Let me know dwell upon some of the untapped opportunities for banks.

Financial inclusion- Untapped market:  It would become very evident from the following figures that financial inclusion should be seen not only as a social responsibility but also as a potential business model because of the huge untapped market that it seeks to bring into the fold of banking services. In India almost halh the country is unbanked. Of the 6 lakh villages in India, the total number of villages with banking services stands at less than 1 lakh villages as at end March 2011. India has a highest number of households (approximately 145 million) who are excluded from banking. Thus this ‘bottom of the pyramid’ which comprises a huge section of the Indian population presents a large untapped market with a tremendous business potential. Therefore, the banks in India need to devise appropriate strategies for tapping the banking value that is represented by these large number of households at the bottom of the pyramid.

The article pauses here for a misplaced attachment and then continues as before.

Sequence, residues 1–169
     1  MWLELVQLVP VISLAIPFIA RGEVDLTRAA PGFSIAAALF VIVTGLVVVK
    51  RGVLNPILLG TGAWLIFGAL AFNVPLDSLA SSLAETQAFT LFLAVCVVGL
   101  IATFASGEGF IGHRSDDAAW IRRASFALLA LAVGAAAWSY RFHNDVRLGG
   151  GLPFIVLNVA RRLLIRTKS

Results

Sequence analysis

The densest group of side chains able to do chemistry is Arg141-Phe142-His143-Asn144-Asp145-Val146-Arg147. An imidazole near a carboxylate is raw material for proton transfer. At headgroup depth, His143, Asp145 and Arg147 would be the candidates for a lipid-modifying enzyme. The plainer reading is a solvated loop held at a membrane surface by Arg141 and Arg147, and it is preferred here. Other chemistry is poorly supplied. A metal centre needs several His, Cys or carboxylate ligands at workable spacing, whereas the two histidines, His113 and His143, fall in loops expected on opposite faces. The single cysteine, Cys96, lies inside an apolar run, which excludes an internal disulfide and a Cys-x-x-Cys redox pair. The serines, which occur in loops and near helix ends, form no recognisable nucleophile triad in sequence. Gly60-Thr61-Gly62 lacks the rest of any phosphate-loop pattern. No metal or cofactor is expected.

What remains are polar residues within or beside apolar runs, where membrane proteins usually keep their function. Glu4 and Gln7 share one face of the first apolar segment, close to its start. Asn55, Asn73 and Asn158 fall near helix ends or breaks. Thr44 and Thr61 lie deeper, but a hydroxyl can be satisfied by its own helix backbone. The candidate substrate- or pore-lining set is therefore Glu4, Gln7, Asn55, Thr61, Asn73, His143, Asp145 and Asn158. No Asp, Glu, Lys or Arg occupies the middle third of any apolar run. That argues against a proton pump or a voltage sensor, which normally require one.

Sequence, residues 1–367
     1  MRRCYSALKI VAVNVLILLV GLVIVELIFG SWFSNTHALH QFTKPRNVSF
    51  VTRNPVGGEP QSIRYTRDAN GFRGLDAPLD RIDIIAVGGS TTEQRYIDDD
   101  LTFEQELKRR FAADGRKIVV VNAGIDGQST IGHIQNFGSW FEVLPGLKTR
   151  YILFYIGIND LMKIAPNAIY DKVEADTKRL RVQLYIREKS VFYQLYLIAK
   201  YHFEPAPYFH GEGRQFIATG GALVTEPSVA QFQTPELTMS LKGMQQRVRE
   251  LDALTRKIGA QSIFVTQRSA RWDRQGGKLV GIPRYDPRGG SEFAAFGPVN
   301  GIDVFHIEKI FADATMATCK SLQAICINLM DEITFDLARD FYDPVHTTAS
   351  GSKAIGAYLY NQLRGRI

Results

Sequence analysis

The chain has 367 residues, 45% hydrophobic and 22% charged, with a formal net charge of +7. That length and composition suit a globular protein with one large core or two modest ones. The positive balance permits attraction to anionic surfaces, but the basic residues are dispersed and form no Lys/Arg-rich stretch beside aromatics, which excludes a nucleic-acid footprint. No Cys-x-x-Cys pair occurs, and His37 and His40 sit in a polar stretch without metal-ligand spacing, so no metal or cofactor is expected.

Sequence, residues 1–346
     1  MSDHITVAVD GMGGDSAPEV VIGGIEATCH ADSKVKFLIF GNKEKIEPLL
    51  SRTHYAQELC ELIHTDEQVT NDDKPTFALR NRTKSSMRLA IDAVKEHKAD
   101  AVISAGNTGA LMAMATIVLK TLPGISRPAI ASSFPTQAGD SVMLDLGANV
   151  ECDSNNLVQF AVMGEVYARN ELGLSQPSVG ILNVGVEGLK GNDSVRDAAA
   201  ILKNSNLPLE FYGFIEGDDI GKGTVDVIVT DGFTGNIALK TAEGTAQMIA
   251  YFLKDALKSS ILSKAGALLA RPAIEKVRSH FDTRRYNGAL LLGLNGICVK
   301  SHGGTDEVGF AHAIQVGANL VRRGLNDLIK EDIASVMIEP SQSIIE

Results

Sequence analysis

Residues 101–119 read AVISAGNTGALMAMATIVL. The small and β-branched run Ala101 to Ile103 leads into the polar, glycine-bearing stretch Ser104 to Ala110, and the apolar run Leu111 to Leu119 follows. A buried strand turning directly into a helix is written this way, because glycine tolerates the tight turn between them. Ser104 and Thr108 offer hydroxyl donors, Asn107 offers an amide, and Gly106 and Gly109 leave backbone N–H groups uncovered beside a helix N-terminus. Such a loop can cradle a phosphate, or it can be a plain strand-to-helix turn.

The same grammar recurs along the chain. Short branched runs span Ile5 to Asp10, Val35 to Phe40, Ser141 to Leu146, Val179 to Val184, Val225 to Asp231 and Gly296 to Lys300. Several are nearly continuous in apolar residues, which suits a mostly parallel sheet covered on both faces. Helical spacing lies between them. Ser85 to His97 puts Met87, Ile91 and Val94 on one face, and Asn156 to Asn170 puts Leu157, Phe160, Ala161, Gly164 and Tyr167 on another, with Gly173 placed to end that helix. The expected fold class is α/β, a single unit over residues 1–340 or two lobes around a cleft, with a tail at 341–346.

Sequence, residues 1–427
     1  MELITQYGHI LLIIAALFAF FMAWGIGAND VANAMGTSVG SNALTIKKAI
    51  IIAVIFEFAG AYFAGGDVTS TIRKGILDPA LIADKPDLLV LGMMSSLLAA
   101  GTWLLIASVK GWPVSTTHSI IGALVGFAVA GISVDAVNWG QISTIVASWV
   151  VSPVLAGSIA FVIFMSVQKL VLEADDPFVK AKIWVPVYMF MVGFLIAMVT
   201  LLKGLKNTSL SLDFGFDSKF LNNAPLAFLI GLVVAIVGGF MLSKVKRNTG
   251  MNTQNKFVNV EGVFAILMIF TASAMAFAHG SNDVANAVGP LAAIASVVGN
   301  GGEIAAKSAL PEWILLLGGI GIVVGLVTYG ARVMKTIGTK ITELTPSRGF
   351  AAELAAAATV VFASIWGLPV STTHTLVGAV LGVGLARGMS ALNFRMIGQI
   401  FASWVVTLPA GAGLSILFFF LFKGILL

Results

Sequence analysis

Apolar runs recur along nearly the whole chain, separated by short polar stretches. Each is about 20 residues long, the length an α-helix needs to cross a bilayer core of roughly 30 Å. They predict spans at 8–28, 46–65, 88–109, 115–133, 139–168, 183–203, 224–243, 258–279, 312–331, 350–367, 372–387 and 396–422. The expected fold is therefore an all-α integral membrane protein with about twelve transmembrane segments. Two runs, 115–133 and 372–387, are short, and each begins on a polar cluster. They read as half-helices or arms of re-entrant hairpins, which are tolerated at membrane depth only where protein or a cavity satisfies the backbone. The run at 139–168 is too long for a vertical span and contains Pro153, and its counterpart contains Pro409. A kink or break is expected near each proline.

Government transactions- Transfer of benefit schemes: The largest chunk of government transactions with the citizens comprise revenue collection and transfer of benefits under various social programmes. McKinsey Report 2010 ‘Inclusive growth and financial security: The benefits of e-payments to Indian society’ estimates that an electronic platform for government payments to and from individual households could save an estimated  Rs. 100,000 crore a year – representing almost 10 percent of the total payment flows between the government and households. The report states that “delivering government payments electronically to the poor will not only pay for itself but will connect households to a formal and secure financial grid. The basic infrastructure and connectivity this provides will also create an attractive business proposition to encourage private players to enter this space and provide services to the poor”. The Reserve Bank has recently issued “Operational Guidelines on implementation of Electronic Benefit Transfer (EBT) and its convergence with Financial Inclusion Plan (FIP)”. These guidelines are expected to give a fillip to financial inclusion efforts and lead to a scalable and sustainable financial inclusion model. In fact as you may be aware the Union Finance Ministry has advised all state owned banks and financial institutions to make payments only through electronic transfers and not through cheques from 1st September 2011. This move is part of the e-governance initiative to move towards a paperless funds transfer system. For the banks as well this would be economical proposition as it would reduce paper handling costs.